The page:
Thousands of British citizens, including healthcare workers and a former boarding school governor, have reportedly been linked to an underground hosting network known to run illicit child abuse websites on the so-called "dark web", an investigation has found.
The email and account details of thousands of UK internet users were uncovered during analysis of data leaked from Freedom Hosting II, a service provider which – before it was hacked this year – propped up approximately 20% of all websites and forums on the dark web.
Among 80,000 users signed up to one child abuse website (which will remain unnamed) included a UK-based NHS employee, a former school boss and a sex offender previously employed at a children's hospital, the Times newspaper reported this week (8 May).
One email address registered to a child abuse website was reportedly associated with a LinkedIn account of a British businessman who previously worked at a UK boarding school. Another was related to a Facebook profile of a mother who regularly posted images of her child, the Times said.
The dark web, only accessible via the Tor browser, allows users to stay hidden by masking their computer's identities and geo-locations while online.
The newspaper did not address how use of the Tor Network – or other services such as virtual private networks (VPNs) – likely skewed its analysis significantly. It said the details of 50 British users were being passed to the National Crime Agency (NCA) for further investigation.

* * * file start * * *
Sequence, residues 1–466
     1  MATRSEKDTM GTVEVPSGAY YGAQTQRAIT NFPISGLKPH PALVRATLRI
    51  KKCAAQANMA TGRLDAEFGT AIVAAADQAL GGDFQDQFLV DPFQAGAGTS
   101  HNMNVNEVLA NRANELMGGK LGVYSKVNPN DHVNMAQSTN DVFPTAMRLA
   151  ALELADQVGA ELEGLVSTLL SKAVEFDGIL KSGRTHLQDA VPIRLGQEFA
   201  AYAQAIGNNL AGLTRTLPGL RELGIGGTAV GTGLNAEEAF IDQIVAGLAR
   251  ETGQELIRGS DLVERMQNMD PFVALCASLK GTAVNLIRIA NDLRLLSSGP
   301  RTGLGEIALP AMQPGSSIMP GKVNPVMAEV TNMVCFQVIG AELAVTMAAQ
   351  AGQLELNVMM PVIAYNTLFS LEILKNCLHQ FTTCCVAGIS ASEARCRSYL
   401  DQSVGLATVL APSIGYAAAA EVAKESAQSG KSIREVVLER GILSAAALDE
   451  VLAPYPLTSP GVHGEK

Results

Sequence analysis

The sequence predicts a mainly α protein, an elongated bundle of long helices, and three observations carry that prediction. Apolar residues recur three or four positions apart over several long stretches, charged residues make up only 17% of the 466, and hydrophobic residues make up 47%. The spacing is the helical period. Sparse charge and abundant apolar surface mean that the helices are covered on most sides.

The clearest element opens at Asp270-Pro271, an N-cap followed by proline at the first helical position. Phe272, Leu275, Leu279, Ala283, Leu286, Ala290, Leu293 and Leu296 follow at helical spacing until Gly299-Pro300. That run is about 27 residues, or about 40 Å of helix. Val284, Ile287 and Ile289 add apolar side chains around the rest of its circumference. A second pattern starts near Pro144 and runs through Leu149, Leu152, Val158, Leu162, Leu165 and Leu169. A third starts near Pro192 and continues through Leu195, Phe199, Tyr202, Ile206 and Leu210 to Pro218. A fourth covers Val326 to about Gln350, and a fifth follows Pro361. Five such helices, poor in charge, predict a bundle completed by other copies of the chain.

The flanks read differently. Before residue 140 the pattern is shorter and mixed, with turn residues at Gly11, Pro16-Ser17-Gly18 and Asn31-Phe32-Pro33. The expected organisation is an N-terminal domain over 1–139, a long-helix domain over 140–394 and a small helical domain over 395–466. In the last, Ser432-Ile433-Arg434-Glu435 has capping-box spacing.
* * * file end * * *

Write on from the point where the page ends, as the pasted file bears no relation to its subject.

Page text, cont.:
The law enforcement agency confirmed it is looking into the case.
Yet data from another illicit forum accessible on the normal internet contained IP addresses that indicated around 6% of its users – roughly 10,000 – were based in the UK.
An NCA spokesperson told IBTimes UK: "We are aware of the material derived from the Freedom Hosting II hack and are working with international law enforcement partners.
"As enquiries are ongoing, we cannot comment further. Any site or forum that purports to contain indecent images of children will be investigated if reported to law enforcement.
"We work closely with international partners to ensure information or intelligence relating to the sharing of child abuse images is shared to identify and hold to account those involved."
In February, hackers aligned with the 'Anonymous' collective breached the servers of Freedom Hosting II and compromised gigabytes of data, which was later uploaded to the dark web.
At the time, they claimed over half of the targeted websites contained child abuse material. After the breach, security researchers found plain-text usernames, email addresses and hashed passwords.
Freedom Hosting II took over from "Freedom Hosting" in 2014 after the original service was dismantled by the FBI.
It was found to be managing a network of over 20 child abuse websites. Its founder, Eric Eoin Marques, is currently challenging extradition to the US from Ireland.
Last year, the UK's Internet Watch Foundation (IWF) identified and removed 68,000 URLs hosting child sexual abuse material from the internet. The NSPCC has estimated that up to half a million UK men had viewed child sex content while browsing online.
"The reality is that in [the internet's] darkest corners terrible crimes are being committed against children," said Peter Wanless, chief executive of the NSPCC, at the time.
On 1 May, the administrator of another dark web-hosted child pornography platform, called Playpen, was sentenced to 30 years in US prison. In the broader investigation into the website, law enforcement said more than 280 suspected British paedophiles have been arrested to date.
In total, 870 people have been arrested worldwide, with 368 suspects in European countries.